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Berlin-based guitarist Jorg Schippa imparts the best of German engineering with his estimable associates. Take a little off-center Frank Zappa like trickery; high-octane organic/acoustic jazz rock, and morph with chamber-like ambience then add complex progressive jazz and European folk into the big picture. Somewhat remarkably, the band possesses a unique identity with a signature sound and line of attack, fronted by Schippa and the dual clarinet attack of Jurgen Kupke (The Clarinet Trio) and Florian Bergmann. At times, the unit asserts a rhythm-heavy disposition via precision-oriented beats amid lithe detours, thorny unison choruses and gobs of counterpoint among the soloists. They also experiment along with a few movements that could seemingly serve as the backdrop for ballet, coupled with passages devised on idiosyncratic, odd-metered grooves.
"Terrier" is a glaring example of the quartet's ingenuity. Here, drummer Christian Marien kicks it off with a regimented march progression, leading to contrasting unison choruses and weaving navigations of the perky theme. They occasionally border the fringes of classical music, and the soloists embark upon a few choruses, consisting of animated three-way dialogues and razor-sharp, offbeat deviations. Yet the musicians sustain a pliant line of attack, framed within a fluidly moving but disciplined methodology. During the bridge, the artists tunnel through avant-garde terrain and lash out with a bit of angst, and cycle through a straight-four rock pulse before revisiting the opening motif towards the finale. Nonetheless, the ensemble's stylistic and extensive conceptual approach is extraordinarily cohesive and spawns thrills a minute. (Passionately recommended...)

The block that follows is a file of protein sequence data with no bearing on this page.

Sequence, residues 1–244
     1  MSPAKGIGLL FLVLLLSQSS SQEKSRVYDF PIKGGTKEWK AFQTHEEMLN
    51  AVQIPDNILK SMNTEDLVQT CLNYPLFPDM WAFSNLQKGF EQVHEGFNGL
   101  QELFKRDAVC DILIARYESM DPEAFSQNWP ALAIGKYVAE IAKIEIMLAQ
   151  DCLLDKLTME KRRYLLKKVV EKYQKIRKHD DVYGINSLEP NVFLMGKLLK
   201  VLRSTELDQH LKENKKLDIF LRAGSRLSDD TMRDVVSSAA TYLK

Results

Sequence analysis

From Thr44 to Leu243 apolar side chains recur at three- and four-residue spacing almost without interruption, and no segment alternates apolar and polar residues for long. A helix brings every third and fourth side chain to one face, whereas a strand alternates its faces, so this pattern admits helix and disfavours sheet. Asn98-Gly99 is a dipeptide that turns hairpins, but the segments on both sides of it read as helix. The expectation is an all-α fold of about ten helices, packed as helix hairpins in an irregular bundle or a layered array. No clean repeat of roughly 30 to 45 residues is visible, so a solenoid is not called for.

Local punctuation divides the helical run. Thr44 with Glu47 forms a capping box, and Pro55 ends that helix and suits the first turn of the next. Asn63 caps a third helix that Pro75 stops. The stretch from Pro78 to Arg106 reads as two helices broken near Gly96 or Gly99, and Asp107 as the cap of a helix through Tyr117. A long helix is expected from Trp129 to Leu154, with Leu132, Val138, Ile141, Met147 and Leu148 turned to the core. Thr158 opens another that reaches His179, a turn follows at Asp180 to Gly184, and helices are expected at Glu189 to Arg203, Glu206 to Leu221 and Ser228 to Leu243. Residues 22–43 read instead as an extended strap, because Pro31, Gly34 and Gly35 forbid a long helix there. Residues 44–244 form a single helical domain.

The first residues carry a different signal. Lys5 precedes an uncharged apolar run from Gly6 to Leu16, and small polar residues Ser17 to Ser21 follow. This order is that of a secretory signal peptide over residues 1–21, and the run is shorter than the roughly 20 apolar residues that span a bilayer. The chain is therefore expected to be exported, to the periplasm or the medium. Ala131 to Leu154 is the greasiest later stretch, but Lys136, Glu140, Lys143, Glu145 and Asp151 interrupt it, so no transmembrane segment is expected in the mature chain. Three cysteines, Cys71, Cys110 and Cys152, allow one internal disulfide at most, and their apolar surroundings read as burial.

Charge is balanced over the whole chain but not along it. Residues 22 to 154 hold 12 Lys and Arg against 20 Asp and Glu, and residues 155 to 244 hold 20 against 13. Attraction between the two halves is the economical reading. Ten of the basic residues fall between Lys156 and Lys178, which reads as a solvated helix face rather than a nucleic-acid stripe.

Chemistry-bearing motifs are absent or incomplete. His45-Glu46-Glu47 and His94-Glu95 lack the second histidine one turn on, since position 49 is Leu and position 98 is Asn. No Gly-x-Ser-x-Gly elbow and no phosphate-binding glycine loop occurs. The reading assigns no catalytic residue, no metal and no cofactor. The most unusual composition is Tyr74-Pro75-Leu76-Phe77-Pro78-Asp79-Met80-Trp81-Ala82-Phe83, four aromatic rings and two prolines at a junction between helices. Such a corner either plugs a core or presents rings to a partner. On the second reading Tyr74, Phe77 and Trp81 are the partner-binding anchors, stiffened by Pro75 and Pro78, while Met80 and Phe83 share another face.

I love jazz because I enjoy the freedom.
I was first exposed to jazz when I was 17.
I met Cedar Walton at a concert in San Paulo.
The best show I ever attended was Helio Jambao trio.
The first jazz record I bought was Witchcraft by George Benson.
My advice to new listeners is listen to the old school first.